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Music catalog fund Hipgnosis sold to Blackstone

Hipgnosis executive Merck Mercuriadis (L) and co-founder Nile Rodgers attend the Songwriters Hall of Fame 2024 induction and awards gala in New York on June 13, 2024 (ANGELA WEISS)
Hipgnosis executive Merck Mercuriadis (L) and co-founder Nile Rodgers attend the Songwriters Hall of Fame 2024 induction and awards gala in New York on June 13, 2024 (ANGELA WEISS)

Shareholders of Hipgnosis Songs Fund, which in recent years made waves by helping popularize music rights as an asset class, have voted to accept a $1.6 billion takeover from US private equity firm Blackstone, filings showed Tuesday.

A regulatory filing showed shareholders overwhelmingly voted to approve the deal, which caps a tumultuous year for the British firm, including a bidding war that followed investor concerns over the fund's tumbling share price.

Its outspoken chief, Merck Mercuriadis, last week had announced he would leave as chairman of Hipgnosis Song Management once the Blackstone acquisition of the fund was final.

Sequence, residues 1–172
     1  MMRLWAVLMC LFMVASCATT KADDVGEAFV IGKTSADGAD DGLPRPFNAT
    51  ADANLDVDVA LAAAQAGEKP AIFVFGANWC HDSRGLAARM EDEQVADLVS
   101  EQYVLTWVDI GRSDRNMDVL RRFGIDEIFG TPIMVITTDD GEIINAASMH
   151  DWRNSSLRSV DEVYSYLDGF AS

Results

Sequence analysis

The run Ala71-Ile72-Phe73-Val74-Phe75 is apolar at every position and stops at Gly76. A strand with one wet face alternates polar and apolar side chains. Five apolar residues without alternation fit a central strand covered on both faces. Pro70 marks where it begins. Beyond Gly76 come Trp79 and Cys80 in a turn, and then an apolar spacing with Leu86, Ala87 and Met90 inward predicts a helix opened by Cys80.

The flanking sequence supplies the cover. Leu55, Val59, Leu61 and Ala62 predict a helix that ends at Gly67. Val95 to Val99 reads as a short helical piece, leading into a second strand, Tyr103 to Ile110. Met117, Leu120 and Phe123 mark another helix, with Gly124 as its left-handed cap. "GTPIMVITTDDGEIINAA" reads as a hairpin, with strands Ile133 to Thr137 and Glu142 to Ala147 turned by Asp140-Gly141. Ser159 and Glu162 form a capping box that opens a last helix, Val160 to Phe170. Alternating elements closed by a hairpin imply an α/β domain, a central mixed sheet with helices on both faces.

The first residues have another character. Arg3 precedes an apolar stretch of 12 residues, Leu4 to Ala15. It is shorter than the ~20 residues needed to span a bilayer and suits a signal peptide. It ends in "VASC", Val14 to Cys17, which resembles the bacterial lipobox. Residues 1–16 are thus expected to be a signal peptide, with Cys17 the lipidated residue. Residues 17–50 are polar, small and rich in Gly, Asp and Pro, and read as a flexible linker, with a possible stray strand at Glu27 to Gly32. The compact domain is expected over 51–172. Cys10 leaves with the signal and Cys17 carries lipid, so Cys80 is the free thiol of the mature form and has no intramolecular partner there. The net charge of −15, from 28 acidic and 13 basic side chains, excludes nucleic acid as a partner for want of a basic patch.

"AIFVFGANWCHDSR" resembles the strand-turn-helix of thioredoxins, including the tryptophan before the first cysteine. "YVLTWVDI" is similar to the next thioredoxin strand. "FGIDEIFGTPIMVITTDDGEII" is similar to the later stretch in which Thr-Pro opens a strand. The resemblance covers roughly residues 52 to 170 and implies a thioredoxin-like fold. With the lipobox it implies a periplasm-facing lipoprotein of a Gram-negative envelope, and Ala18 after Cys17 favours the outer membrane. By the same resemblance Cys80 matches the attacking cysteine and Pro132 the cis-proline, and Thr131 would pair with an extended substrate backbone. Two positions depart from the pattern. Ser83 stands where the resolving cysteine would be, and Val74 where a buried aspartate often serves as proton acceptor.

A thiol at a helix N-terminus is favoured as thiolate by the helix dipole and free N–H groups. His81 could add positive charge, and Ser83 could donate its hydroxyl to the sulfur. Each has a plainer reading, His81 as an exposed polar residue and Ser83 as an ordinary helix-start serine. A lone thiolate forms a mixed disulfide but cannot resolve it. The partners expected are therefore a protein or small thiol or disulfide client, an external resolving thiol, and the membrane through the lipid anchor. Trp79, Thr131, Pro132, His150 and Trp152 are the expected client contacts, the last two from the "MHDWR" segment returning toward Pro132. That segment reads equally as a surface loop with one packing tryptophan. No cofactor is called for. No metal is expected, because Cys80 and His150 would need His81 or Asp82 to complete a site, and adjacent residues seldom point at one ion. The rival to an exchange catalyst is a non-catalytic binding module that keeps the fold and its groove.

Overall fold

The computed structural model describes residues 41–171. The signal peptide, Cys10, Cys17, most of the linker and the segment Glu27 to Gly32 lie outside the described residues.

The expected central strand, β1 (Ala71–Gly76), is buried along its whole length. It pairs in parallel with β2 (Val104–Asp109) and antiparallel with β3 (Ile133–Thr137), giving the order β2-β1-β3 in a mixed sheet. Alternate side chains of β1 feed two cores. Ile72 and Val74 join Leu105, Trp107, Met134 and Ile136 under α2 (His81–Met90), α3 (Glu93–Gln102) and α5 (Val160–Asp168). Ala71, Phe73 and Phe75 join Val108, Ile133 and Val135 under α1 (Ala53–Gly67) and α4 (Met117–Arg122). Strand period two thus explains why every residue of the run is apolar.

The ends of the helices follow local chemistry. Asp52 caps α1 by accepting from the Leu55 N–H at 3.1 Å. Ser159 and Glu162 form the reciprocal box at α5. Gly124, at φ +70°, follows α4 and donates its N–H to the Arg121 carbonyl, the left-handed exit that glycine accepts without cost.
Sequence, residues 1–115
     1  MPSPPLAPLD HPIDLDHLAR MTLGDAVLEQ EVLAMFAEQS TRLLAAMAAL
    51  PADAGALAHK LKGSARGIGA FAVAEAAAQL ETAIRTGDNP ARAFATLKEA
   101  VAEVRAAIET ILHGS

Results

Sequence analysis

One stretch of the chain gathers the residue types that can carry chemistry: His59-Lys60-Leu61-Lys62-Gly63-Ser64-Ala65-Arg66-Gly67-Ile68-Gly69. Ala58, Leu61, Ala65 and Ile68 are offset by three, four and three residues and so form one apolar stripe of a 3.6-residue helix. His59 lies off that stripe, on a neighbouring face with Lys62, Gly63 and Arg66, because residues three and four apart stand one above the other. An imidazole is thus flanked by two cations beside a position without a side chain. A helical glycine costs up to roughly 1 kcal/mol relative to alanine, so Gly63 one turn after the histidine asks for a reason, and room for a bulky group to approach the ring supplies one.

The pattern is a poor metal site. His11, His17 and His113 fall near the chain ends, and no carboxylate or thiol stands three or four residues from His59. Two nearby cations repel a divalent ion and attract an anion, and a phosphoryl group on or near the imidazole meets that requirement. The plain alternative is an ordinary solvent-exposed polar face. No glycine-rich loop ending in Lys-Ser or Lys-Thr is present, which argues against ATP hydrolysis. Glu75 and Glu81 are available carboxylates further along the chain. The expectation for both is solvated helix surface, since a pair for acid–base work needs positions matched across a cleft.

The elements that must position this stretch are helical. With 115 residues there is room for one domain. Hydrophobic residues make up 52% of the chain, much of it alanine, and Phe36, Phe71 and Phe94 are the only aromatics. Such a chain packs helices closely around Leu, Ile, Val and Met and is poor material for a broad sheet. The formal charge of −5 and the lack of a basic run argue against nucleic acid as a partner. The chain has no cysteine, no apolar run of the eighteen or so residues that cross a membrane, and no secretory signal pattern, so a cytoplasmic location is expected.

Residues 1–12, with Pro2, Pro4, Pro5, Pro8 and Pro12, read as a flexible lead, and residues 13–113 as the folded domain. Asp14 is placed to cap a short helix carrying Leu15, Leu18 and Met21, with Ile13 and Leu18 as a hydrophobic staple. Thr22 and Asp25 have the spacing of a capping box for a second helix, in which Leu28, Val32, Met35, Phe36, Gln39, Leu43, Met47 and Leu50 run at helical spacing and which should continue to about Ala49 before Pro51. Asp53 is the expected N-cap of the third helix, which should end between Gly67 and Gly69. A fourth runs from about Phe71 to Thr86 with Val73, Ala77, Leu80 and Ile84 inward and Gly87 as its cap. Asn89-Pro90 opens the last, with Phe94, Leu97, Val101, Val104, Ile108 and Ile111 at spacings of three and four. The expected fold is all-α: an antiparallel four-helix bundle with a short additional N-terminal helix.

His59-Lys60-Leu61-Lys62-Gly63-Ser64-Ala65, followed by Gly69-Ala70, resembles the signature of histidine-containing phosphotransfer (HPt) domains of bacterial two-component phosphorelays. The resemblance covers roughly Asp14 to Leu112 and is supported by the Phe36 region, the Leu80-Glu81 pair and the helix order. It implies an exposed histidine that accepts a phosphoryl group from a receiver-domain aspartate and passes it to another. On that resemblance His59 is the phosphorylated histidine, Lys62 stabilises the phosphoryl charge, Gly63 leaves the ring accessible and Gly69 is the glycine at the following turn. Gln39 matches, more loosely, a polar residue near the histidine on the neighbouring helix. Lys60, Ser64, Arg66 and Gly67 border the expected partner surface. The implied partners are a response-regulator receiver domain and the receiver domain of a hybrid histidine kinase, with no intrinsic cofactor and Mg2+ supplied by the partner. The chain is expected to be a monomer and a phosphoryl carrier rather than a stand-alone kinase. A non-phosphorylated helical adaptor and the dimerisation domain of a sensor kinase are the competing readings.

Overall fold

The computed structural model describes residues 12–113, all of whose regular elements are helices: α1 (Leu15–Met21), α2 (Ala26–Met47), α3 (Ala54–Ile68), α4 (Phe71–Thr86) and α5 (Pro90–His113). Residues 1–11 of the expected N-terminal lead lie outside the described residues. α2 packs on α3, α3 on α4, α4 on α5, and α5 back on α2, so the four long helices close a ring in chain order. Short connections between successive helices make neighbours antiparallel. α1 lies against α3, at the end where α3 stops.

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Hipgnosis Songs Fund is listed as an investment trust on the London Stock Exchange, where it went public six years ago. Its portfolio includes tens of thousands of tracks.

Mercuriadis had been running the separate management company, which in 2021 Blackstone invested $1 billion to partner with.

Hipgnosis played a large role in hyping the spike in sales of lucrative music portfolios, dropping staggering sums on catalogs including those of Neil Young, Justin Bieber and Shakira.

Mercuriadis, a longtime industry executive who at times managed careers of stars like Elton John and Beyonce, pitched that music was an asset whose revenues would operate outside of regular market swings.

He co-founded Hipgnosis with guitarist and producer Nile Rodgers.

But as a music catalog buying frenzy saw several years of blockbuster sales, some in the industry grumbled that Hipgnosis was overpaying and driving prices up.

Concerns last year over the company's share price as well as asset valuations prompted demands for structural change and a search for an outside buyer.

American independent music company Concord had reached a tentative deal to acquire the fund for $1.4 billion, but Blackstone's higher offer won out in the end.

In announcing his decision to step down last week, Mercuriadis said "this is a timely opportunity for me to undertake a strategic shift of focus, and to spend more time advocating on behalf of songwriters to ensure that they are properly compensated for their work."

mdo/nro